The Time/Space Continuum
Temporal life, in one of St. Augustine’s unforgettable coinages, is a living death, a dying life. This is not intended to be dark, so let’s not go there. Let’s follow this thread a bit further. To live as a child one must die to one’s infancy. To live as an adolescent one must die to one’s childhood. And so on to that final divestment when we die to old age and step into the life after death. See, reality not darkness.
In his famous meditation on eternity and time in the eleventh book of The Confessions, Augustine shows the same thing is true of our every passing moment. Let’s apply this famous insight to revisit our knowledge as singers, moving from consonant to vowel, vowel to consonant, and the like.
In this context our life is like a line of poetry. The first syllable, even the first portion of the first syllable must necessarily die away in order for the second mini-portion to begin its own fleeting existence. But what does this kind of thinking have to do with the present moments of our existence? In The Confessions Augustine toys with the notion that the present moment might have no duration at all.
Singers, sound familiar?
But some years later he came to see that strictly speaking there is no such thing as a durationless instant: “I look for a present moment, But nothing stands still. What I have spoken no longer exists. What I am about to say does not yet exist. Talk about changing things, and all you can find is WAS, and WILL BE. But talk about God and you will find only IS.”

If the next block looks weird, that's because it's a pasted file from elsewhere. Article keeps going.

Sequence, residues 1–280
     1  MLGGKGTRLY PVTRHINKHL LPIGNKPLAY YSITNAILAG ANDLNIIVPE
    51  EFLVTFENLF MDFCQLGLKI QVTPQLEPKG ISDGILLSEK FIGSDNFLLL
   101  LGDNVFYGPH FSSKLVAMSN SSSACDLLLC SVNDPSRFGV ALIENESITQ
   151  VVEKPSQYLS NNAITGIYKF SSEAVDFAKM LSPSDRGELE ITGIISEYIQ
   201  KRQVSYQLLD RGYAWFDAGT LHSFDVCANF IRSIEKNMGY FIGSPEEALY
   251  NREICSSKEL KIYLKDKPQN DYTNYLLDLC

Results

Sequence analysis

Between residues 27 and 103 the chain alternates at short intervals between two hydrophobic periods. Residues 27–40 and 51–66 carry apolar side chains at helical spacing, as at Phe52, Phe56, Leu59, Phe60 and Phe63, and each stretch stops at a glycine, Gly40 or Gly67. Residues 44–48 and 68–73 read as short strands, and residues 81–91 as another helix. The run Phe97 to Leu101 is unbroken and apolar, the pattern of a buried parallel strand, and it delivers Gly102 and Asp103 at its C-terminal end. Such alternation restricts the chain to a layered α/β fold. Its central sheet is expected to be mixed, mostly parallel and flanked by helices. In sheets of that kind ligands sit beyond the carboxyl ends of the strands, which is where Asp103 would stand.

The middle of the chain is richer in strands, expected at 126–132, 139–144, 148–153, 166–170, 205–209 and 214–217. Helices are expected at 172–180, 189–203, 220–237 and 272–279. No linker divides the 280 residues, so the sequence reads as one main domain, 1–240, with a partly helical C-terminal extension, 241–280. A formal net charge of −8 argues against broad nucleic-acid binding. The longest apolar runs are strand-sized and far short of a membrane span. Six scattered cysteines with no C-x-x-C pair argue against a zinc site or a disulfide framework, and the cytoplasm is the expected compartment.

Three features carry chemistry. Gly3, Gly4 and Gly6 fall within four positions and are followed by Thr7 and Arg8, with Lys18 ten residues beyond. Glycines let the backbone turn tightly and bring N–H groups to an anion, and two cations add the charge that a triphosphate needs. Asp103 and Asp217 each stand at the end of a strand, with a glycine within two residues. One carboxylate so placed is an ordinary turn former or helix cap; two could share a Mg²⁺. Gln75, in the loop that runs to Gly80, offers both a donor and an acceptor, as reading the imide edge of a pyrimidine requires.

Let’s apply Augustine’s own example of the syllable. Think of how you pronounce the very word, “time.” The “T” must stop sounding in order for the “I” to sound, and thereon for the “M,” and the “E,” which doesn’t sound at all. Another pedagogical truth for singers: we sing only one sound at a time.
Trying to locate the precise moment when the “T” stops sounding, and the “I” begins is as contradictory as inserting a gap of silence into an unbroken flow of sound. If we try to imagine the present as an indivisible instant that is neither past nor future, we soon realize that such an instant could have no thickness, no duration whatever. It would be an instant out of time, not a moment of and in time.
Even the word, “instant,” which comes from the Latin word for “stand” is deceptive. It caters to the illusion that we might discover some moment in time which actually stands still.
But the truth about our temporal existence is that we never do stand still. We are radically unstable. We’re like someone swept along by a river in flood. Our feet flail about trying to touch bottom, so we can take a stand. But the bottom is beyond our reach. Indeed the terrifying thought is that there may be no bottom at all. Once again, music is the perfect parallel metaphor. And I have heard more than one great singer liken their best performance as one where their feet were off the ground.
Hereclitus, centuries before, had pointed to the same experience. “You cannot step twice into the same river. For other, and yet other waters are flowing on. Other things enter the same river, and other waters pour in upon them.”
Augustine comes close to outdoing Hereclitus. If we carry Augustine’s thought to its logical conclusion we may say that, “you can’t step into the same river even once.” I liken this to a singer’s realization that the life of a singer is one breath, and you don’t dare to sing the next breath of music like any former breath.
So Augstine’s brilliance conveys a sense of insecurity, or vertigo, of stomach wrenching panic. That seizure of angst, to borrow a modern word, is very much part of Augustine’s feeling of time and temporal existence. Not dark, only thought provoking.
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